Council criticised after abandoned van torched near Weymouth

Council criticised after abandoned van torched near Weymouth

Published by Maria Greenwood at 11:43am 24th September 2019. (Updated at 8:46am 25th September 2019)

Dorset Council has been accused of letting residents down over an abandoned van on the Ridgeway cycle path – which was later torched.

Local councillor Nick Ireland has asked for an explanation why the issue was passed from one department to another and still nothing happened.  He said:

"We have completely failed our residents on this one."

"I trust this mess will get cleared immediately and those with the power to do so will address our inaction/inability to make a difference with some urgency.

"This was completely avoidable and we did nothing despite being notified and chased by both residents and myself."

torched van ridgeway cycle path 1

Councillor Ireland also says the lack of action while the van was intact, apart from a broken headlight, near the Came Down golf course, means council taxpayers will now have to pay the cost of clearing the cyclepath and making it safe.

Efforts to tackle the vehicle involved both the council’s parking services team and ‘Place’ team as well as the police who said it was not their responsibility and passed the issue back to the council.

'How was it reported?'

The abandoned car was first raised with Dorset Council by a member of the public, a cyclist, on September 10th.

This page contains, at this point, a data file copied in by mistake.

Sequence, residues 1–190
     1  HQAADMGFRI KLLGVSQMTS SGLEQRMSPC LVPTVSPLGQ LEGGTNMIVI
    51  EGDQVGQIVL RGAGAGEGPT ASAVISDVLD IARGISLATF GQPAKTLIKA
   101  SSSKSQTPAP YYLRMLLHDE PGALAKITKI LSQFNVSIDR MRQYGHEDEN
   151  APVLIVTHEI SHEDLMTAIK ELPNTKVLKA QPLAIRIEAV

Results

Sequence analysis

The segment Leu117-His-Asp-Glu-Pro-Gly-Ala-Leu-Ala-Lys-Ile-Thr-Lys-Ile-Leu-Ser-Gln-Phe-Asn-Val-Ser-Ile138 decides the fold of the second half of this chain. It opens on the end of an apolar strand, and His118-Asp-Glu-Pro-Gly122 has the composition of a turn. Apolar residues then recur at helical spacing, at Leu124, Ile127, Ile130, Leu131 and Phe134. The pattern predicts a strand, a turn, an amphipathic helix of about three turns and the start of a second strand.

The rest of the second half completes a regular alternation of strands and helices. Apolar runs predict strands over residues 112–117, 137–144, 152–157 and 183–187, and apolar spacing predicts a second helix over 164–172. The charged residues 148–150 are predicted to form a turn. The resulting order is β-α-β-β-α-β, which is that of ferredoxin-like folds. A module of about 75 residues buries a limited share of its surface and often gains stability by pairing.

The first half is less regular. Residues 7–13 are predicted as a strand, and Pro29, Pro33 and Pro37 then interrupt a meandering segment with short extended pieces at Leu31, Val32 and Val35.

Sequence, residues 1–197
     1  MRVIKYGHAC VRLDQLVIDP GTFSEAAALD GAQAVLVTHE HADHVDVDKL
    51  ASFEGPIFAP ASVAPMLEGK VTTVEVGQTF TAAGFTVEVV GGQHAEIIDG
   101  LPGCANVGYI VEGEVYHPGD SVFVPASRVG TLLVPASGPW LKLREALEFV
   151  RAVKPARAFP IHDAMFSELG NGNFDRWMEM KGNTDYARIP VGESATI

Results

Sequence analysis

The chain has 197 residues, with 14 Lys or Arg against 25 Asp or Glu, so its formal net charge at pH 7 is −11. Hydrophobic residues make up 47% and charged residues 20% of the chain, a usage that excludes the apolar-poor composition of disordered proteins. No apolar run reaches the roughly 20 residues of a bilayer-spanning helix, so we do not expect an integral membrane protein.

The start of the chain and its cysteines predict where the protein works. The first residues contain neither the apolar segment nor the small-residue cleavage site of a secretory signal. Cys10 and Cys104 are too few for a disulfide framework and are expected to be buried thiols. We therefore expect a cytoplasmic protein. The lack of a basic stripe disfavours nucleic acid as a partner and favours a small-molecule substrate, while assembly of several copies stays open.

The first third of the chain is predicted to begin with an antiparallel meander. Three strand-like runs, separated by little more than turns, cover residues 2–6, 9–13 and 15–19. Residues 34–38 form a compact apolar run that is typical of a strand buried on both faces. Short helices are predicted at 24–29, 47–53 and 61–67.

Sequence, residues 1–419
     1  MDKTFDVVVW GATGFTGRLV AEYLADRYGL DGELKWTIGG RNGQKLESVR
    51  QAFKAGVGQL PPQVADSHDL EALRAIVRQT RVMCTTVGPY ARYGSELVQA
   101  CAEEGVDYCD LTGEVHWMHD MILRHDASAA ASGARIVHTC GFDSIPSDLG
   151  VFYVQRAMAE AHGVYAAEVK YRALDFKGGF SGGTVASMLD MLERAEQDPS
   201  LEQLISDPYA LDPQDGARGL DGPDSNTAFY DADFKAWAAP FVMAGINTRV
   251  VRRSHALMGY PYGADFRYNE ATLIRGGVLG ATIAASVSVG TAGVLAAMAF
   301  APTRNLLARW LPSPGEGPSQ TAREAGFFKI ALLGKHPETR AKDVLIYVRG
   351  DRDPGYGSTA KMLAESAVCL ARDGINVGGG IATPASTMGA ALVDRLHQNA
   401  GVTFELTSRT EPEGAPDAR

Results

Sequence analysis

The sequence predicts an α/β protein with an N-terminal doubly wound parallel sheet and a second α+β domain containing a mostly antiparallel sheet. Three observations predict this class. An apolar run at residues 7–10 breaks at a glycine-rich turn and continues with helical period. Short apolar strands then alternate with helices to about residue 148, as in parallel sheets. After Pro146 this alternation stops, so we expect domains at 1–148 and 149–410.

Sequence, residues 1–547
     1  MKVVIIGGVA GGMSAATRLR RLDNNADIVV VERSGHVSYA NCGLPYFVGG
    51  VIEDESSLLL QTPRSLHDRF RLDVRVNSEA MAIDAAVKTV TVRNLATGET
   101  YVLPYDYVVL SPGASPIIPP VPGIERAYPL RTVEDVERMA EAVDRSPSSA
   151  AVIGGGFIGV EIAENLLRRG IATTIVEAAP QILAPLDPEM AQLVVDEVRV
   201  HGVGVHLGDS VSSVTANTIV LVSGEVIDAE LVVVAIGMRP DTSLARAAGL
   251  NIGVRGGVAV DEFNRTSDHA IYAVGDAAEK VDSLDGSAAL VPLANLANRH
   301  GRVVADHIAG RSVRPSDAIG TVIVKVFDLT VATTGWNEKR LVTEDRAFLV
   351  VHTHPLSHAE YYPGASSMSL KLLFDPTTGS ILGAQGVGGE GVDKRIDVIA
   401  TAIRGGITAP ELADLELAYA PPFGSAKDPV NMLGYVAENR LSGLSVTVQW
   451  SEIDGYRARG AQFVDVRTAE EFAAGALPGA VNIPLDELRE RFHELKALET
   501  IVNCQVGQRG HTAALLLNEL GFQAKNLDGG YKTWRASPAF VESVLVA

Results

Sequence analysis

The following day he was told that they were not prepared to deal with it as the vehicle was taxed and suggested calling the police: “The police in no uncertain terms advised me it was not their responsibility. They told me it was the council’s problem. Passing the buck springs to mind,” said the man, who has asked not to be named.

“The vehicle is in the same place as a previous vehicle about a year ago which was eventually burnt out. I suspect this vehicle will end up the same way causing environmental damage.”

'Here's Dorset Council say'

The council say that the jurisdiction for abandoned vehicles is with the parking team and, because the van was taxed and has an mot, until the end of November, they have no legal mandate to have the vehicle removed.  

The only way they would have acted is if the police or the fire service deemed it as a potential problem or hazard.

The council says its parking team have taken steps to notify the current registered keeper, who is not local, and re-checked with the police to see if there are any stolen markers on the vehicle.

A Dorset Council spokesmam said:

"Once the Parking Services Team were notified of the vehicle we did the necessary legal checks to determine whether it met the criteria for being abandoned.

"The vehicle was taxed and insured so we had no legal mandate for it to be removed as the criteria had not been met, and the vehicle had not been reported as stolen to the Police.    

"We tried to contact the last registered keeper of the vehicle who was in the process of making his own arrangements to have the vehicle removed.   

"We kept the local councillor informed of what was happening, and liaised with the Police and Fire Service throughout the process.  

"The burnt out vehicle has now been removed.

"We will review our internal procedures to ensure that unnecessary delays do not occur in the future."

Caravan fire ridgeway cycle path
Burnt out caravan destroyed in a previous fire in the same area in 2017.

Cllr Ireland says this is not the first time that a vehicle has been abandoned and then burnt out in the same spot. 

He says on that occasion the Dorset Council and Dorset Waste Partnership both refused to address the situation and the burnt out chassis remained there for six months before eventually being taken away.

By Trevor Bevins, Local Democracy Reporter